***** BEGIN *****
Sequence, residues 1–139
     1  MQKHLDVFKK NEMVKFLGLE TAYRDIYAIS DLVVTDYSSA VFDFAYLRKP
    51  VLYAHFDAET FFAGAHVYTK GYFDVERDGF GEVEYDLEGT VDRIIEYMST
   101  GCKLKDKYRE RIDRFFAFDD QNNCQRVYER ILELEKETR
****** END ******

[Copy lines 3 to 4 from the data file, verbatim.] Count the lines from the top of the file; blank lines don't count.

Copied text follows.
    51  VLYAHFDAET FFAGAHVYTK GYFDVERDGF GEVEYDLEGT VDRIIEYMST
   101  GCKLKDKYRE RIDRFFAFDD QNNCQRVYER ILELEKETR